Elephants Without Borders reported the elephants again several times, with the Ministry ignoring them each time. Finally, the Ministry replied, saying that none of the elephants were poached. They all had died from “Natural causes,” or “Retaliatory killings as a result of human and wildlife conflicts.”   

When Elephants Without Borders pointed out that the elephants were tuskless and the poachers targeted certain ones, the Ministry decided to ignore them again. It is still ignoring them, as far as I know. 

You can find out more about what Elephants Without Borders is doing and support their work by visiting their website here: http://elephantswithoutborders.org/ 


The Great Elephant Census 

In 2015, scientists decided that they needed an elephant census. It’s called the Great Elephant Census, with many African countries included in it. It specifies if elephant populations are declining, increasing, or staying stable. Here are some of the countries on it: 

Un-Fun Fact:  The census shows the majority of countries’ elephant populations are declining.  

  • Chad: Quickly declining. Estimated: 743 savanna elephants. Declined 44% over a 4 year period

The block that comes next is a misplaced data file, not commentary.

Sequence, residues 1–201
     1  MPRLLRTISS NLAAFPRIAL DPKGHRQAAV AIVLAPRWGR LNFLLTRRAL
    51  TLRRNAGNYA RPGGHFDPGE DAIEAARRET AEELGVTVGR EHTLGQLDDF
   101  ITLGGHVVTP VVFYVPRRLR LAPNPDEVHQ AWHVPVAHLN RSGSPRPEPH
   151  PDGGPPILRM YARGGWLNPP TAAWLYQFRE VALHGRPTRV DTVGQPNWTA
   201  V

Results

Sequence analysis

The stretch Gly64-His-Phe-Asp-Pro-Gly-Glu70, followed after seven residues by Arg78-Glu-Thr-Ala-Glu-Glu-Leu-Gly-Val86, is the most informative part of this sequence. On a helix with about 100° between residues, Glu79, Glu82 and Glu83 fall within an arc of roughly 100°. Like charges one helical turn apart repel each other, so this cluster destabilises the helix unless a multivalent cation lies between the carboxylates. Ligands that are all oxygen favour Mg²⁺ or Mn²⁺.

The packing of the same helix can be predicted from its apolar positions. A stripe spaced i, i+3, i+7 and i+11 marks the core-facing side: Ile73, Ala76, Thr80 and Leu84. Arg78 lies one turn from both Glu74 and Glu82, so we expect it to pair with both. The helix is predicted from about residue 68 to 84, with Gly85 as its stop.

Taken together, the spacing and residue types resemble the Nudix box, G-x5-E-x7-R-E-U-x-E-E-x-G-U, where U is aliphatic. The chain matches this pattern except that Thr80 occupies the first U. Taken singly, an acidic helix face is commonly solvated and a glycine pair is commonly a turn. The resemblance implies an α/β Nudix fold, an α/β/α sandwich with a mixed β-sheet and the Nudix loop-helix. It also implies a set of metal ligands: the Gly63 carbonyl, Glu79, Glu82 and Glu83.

• Cameroon: Declining very quickly. Estimated: 148 savanna elephants  
  • elephants  
  • Tanzania: Declining very quickly. Estimated: 42,871 savanna elephants. Declined 60% over the last 5 years  
  • Botswana: Stable. Estimated: 130,451 savanna elephants.  
  • Zimbabwe: Stable. Estimated: 82,304 savanna elephants. Declined by 11% since 2005. Northwest Zimbabwe declined 74%  
  • Mozambique: Rapidly declining. Estimated: 605 savanna elephants. Declined 53% in 5 years. Declining faster than any country   

Note: This is not the full Great Elephants Census. For more of it, you can use these links: http://elephantswithoutborders.org/what-we-do/great-elephant-census/ 



Elephants evolving without tusks 

Not all elephants have tusks. A tusked Asian elephant is rare, and tuskless African elephants are not uncommon. But that’s not bad for just that generation of elephants. Tuskless elephants give birth to tuskless elephants. And they give birth to tuskless elephants. So if you take the tusks of all the elephants, or even just a large portion of them, then there is probably not going to be another tusked elephant again. This is very bad, not just because” Oh, that’s so mean! They took that elephant’s tusk!”. Well, it’s not just mean. Elephants need their tusks for daily things, like digging for water, food, and vital minerals. Or like digging up branches, debarking trees to secure fibers, fending off predators, and to attract mates.  

Naturally, 2-4% of all African elephants are tuskless. But, in Mozambique National Park, 51% of female elephants 25 years or older and 32% of female elephants 24 years or younger are tuskless. In Tanzania National Park, 35% of female elephants 25 years or older are tuskless.